Life isn’t fair, but kindness is

Sometimes life is just awful. You stub your toe, you fail that class, get dumped, lose a job, lots of things. Little things, in the grand scheme. Sometimes it’s big things: pain, sickness, death, and amazing people suffering for no apparent reason. It’s not fair in the slightest.

And platitudes don’t really help when you need them to. They might eventually, but not when you’re there, in the thick of it, grieving, trying to understand what went wrong, how can you ever be happy again? If this is you going through this, you already know what you need. Silence, video games, work to distract you, hugs, anything in your arsenal of coping skills that you know can get you through the day.

But what if it’s for a friend? For those closest to you, you might already know what they need. But you might not, and it’s ok to ask. “Is there something I can do to help you through this?” It’s ok if the answer is “just let me be alone.” You can do that, you can give them what they need.

They might want hugs, or to talk things through, or to talk about absolutely anything BUT “the thing,” or someone to just sit with them silently while they cry. They may not even know what they need and that’s ok. They don’t need to know. Just let them know you’re there, and act like it’s any normal day. Sometimes that’s really all someone wants.

But what do you do when you feel helpless in the shadow of grief and pain, at your wit’s end searching for something, anything, tangible that you can do. Make something, give it to someone that is expecting nothing. Pay for someone’s cup of coffee. Buy a sandwich for someone that’s hungry. Because everyone has tough times. Maybe you’ll be that bright light a random stranger didn’t even know existed anymore. And that’s a great thing, especially when life sucks.

Life isn’t fair, but kindness is

Vivid dreams and goodbyes

A very good friend of mine lost  his battle with brain cancer recently, and I’ve been kind of torn up about it. I haven’t had much experience with people being taken from this earth way too early, and it has been a difficult adjustment. I knew it was coming, but you can never really be prepared for something like that. You always think you’ll see them one last time up to the very end. I am glad that I told him I loved him every time I saw him in the last 6 months, and he said it back, so I feel at peace with how we left it. But still, it’s awful. It makes you rage at how cancer can pass up a million assholes but attack one of the greats.

I think I’ve had a lot of stress lately because of it, which I’m sure contributed to the four day sinus headache I had this week, finally culminating in a migraine last night. I went to bed early and ended up having some of the most vivid dreams I’ve had in a very long time. Now, I’ve always been a vivid dreamer. My dreams are like short movies where I can see vibrant colors, feel many different emotions, and recognize textures by touch. They have plots and even have fully fleshed-out characters sometimes. Those dreams stick with me, and there are some nightmares that I remember every detail of even though it’s been at least a decade since I experienced it.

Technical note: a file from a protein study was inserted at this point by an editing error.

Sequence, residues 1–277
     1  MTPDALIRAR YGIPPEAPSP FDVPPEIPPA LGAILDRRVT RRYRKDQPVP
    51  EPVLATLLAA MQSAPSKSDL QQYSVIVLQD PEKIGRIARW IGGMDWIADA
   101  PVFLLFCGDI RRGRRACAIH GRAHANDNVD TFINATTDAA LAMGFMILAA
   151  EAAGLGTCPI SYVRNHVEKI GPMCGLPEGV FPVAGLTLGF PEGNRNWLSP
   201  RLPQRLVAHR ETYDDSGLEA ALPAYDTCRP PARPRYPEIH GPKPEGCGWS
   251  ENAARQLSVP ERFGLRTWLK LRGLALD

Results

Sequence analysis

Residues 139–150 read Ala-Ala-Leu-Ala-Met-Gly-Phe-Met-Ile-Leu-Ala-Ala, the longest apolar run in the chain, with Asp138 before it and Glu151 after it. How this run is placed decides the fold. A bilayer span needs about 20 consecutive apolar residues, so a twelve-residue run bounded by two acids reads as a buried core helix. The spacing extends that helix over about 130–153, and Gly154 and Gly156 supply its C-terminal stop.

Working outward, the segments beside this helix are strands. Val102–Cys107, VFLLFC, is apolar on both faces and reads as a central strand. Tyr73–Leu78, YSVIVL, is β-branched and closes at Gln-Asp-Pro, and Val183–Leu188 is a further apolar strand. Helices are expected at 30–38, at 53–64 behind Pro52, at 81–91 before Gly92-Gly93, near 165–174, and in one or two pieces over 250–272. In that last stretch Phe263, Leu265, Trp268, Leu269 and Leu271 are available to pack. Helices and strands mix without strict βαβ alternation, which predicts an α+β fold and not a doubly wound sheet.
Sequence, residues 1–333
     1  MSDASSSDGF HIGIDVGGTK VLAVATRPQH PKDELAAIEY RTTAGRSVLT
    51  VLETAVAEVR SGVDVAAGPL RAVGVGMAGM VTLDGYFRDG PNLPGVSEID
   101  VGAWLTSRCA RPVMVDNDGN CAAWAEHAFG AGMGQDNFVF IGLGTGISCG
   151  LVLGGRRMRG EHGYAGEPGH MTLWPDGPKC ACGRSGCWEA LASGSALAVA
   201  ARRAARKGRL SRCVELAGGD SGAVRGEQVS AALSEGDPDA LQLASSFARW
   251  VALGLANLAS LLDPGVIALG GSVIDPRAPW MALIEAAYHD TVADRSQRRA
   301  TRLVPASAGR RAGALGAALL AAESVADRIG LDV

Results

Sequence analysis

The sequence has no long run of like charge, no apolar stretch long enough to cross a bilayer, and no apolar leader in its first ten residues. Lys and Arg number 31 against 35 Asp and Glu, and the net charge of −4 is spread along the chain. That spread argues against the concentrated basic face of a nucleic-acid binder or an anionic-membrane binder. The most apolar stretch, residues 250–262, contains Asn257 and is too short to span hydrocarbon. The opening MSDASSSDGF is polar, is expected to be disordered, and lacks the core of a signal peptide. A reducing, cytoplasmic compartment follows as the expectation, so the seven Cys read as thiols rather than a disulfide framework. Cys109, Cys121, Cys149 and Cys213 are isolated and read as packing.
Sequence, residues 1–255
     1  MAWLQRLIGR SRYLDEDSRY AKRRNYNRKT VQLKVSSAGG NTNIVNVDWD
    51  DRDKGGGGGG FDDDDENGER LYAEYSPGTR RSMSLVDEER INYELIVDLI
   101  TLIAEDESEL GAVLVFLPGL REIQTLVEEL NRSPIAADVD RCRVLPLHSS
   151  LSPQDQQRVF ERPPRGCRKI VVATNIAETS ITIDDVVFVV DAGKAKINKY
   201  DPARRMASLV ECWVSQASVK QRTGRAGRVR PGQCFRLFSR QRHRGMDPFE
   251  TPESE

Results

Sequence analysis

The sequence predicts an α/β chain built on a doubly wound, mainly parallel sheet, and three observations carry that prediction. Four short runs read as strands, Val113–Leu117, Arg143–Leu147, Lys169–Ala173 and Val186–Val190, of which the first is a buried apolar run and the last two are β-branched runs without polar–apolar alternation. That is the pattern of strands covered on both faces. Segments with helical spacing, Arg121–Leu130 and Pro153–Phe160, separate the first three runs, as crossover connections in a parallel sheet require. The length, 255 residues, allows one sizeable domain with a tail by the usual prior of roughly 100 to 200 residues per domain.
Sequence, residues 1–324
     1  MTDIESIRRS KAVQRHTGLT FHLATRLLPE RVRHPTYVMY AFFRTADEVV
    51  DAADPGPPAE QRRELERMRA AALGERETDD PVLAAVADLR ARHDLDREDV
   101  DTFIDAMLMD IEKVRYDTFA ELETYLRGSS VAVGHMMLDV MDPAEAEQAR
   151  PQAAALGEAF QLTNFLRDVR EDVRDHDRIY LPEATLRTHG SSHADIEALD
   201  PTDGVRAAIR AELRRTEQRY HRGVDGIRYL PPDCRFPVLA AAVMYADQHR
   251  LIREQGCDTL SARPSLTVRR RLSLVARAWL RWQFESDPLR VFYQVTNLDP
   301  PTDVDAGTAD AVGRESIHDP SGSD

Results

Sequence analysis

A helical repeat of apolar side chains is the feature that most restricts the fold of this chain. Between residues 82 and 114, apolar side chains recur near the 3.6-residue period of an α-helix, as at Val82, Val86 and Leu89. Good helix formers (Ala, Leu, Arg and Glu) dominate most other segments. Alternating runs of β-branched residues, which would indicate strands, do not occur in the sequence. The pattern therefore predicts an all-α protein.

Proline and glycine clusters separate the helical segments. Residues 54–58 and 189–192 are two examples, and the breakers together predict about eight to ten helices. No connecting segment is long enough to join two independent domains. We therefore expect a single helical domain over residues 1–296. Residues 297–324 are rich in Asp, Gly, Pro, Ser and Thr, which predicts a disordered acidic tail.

Well last night one dream in particular really hit me. I came into work and saw a coworker helping the newly deceased Mel bringing furniture into his lab space. I walk over and offer to help, and excited to see Mel again, I go over to him to give him a big hug. He jumps back, hands pulled back and says “oh no, I’m dead, don’t touch me. Trust me, you’ll think it’s weird.” I stopped in my tracks for a few moments before grabbing an end of a table to help him move it. More and more people showed up, some I recognized, some I didn’t. They were all a bit emotional, but all helped him consolidate his things. I came to realize we were helping him bring all his stuff together so that his family could come and bring them all home the next day.

It was so nice to see him again, and he was his old self. He had energy, smiled easily, and was joking with everyone while packing up the pieces of his life. At one point I was looking down and organizing something when I heard him say “Ok it’s time for me to go now.” When I looked up, Mel was quickly becoming whiter and whiter, and ice was forming on his body. I reached out to him and touched the tip of his fingers, which were now blue, cold and damp. The next thing I knew, he was just gone and I started bawling uncontrollably. My coworker and friend (he was her mentor) broke down and I hugged her for long minutes while everyone tried to process that he was really gone now.  I’m crying a bit now just writing about it.

I think I needed this dream. Yes it was hard to experience, but I felt like it gave me some closure, because it allowed me to go back to a time when the tumor in his brain hadn’t yet erased us all from his memory. Do I think this was Mel coming back to say goodbye? I don’t know. I’m sure it was my brain working through the stages of grief, but it’s a nice thought that he would say goodbye.

His memorial service is tomorrow.

Vivid dreams and goodbyes